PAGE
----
The paper by Dr. Rodriguez-Amaya focuses on natural food colorants and speaks to consumer and commercial interests in expanding the presence of natural colorants in the food additive marketplace. Current commercially available natural food colorants discussed in her paper primarily include the large group of carotenoids as well as anthocyanins, betanin, and chlorophylls, all originally of plant origin. Dr Rodriguez-Amaya’s paper describes chemical features, stability, and changes associated with effects of food processing and storage on these main colorants with briefer mention of other natural colorants.

Of special interest is a contemporary search for new sources of natural colorants, including microalgal production, especially of carotenoids. However, microalgal production of carotenoids, while promising, is not yet sufficiently developed to be cost effective on an industrial scale compared to chemical synthesis or extraction from plants. There is also ongoing research of processing methods to enhance stability of natural colorants. With regard to health-related effects associated with natural colorants, carotenoids have been reported to favorably modulate a broad range of cellular processes with health benefits. Dr. Rodriguez-Amaya’s paper highlights these health benefits and, in addition, provides important challenges related to color intensity, stability, and cost-effective production in bringing natural food colorants to the marketplace.

The paper by Dr. Hayashi identifies regulatory approaches followed in the U.S., EU, and Japan in ensuring the safety of food colorants for consumers by conducting extensive testing in animal surrogates. The degree of safety testing varies to reflect the anticipated extent of human exposure and is influenced by the chemical structure and properties of the colorant. In the U.S. it is based on levels of concern as defined by the FDA. There is a similar tiered approach to safety assessment for color additives by the EU. In Japan, safety assessment of new color additives requires a long list of animal studies, is influenced by the Joint FAO/WHO Expert Committee on Food Additives (JECFA) evaluation of testing data, expected human exposure, and safety testing data from other countries. Safety assessment includes in vitro and in vivo testing for effects on cellular systems as well as in vivo testing using surrogate animals for toxicity, developmental effects, reproductive effects, and cancer. With ever increasing global marketing of foods and food additives, experts in toxicology and pathology are used to evaluate study results from these predictive testing models. All national and international jurisdictions currently use animals and cellular systems to ensure safety of food colorants for human consumption.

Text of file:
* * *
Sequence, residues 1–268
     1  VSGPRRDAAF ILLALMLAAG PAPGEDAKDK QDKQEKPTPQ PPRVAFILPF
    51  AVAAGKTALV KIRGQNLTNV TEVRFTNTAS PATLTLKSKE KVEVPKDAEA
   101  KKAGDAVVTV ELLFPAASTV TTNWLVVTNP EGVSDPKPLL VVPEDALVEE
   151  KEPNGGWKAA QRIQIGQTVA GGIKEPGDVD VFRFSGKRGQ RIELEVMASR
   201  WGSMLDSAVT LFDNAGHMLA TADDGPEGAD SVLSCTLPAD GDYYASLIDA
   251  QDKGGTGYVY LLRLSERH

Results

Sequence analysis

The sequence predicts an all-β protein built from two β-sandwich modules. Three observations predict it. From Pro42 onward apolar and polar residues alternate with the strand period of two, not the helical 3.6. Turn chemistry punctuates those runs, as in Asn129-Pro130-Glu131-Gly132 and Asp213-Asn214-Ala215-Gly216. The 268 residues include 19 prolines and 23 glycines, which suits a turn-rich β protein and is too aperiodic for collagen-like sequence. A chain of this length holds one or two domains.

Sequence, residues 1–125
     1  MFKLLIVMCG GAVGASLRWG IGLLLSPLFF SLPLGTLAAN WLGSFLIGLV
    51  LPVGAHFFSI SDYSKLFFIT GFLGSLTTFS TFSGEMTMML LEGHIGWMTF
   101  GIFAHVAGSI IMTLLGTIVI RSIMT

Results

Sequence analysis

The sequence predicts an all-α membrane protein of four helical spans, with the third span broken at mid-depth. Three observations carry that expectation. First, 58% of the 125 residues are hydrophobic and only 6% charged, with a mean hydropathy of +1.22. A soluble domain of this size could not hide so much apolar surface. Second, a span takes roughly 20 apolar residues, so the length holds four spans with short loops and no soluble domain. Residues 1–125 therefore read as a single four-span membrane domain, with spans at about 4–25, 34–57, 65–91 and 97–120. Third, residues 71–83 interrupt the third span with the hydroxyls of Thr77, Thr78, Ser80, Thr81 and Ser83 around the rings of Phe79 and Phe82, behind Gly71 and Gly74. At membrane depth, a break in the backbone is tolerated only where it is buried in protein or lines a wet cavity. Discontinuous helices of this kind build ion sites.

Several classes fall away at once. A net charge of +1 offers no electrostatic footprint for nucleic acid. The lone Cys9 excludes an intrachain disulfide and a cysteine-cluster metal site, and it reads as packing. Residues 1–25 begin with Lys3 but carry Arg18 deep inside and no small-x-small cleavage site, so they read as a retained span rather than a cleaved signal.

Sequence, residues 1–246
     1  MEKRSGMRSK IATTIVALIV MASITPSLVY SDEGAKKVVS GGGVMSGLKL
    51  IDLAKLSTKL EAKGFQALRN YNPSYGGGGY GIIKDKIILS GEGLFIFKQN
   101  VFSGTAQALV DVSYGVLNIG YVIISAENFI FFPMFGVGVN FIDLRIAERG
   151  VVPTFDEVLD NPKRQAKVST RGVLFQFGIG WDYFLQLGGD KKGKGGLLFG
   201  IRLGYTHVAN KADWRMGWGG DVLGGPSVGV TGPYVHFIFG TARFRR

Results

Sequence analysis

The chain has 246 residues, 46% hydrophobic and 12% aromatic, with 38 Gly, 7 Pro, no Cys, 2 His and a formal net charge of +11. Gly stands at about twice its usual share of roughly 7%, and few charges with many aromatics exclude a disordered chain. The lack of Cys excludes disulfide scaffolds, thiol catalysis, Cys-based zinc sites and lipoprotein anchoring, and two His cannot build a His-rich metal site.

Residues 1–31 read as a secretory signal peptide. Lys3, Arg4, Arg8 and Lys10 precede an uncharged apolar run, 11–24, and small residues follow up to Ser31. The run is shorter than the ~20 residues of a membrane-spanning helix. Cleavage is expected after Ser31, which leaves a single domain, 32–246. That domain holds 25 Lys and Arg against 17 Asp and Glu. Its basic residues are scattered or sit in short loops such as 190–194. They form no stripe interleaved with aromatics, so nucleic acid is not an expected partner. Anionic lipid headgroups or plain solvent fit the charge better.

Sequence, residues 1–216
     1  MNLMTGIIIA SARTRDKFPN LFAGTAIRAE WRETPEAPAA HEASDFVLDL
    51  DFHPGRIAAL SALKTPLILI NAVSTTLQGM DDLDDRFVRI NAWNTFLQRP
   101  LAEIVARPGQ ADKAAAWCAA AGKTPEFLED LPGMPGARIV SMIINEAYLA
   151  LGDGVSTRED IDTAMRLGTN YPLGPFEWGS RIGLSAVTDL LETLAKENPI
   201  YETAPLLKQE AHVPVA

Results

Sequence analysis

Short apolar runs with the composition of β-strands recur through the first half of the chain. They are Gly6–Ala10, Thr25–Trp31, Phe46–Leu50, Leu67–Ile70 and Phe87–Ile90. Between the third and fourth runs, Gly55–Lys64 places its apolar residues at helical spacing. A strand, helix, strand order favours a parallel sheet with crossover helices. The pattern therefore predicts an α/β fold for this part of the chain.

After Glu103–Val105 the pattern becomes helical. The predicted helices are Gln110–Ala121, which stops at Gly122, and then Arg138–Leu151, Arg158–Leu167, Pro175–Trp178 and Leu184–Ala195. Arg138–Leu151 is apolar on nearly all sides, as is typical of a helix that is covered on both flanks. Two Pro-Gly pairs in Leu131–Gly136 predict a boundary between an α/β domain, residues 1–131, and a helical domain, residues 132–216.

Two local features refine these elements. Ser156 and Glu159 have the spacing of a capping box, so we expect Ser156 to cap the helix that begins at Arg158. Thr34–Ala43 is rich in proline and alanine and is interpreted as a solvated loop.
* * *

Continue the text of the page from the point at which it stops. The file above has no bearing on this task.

The paper by Dr. John Cox focuses on regulatory aspects of food colorant additives in the U.S., although there is clear mention that a need exists for international harmonizing, characterization and regulation of color additives. In the U.S. the two categories of color additives are FDA certified and exempt from certification. There are nine FDA certified color additives and a larger number of color additives exempt from certification. Dr. Cox points out that characterization and standardization of exempt colors derived from natural sources such as plants, minerals, and insects are not necessarily consistent. The AOAC International (originally founded as the Association of Official Agricultural Chemists), a non-profit organization of professionals headquartered in the U.S., assists in standardization of colors from natural sources.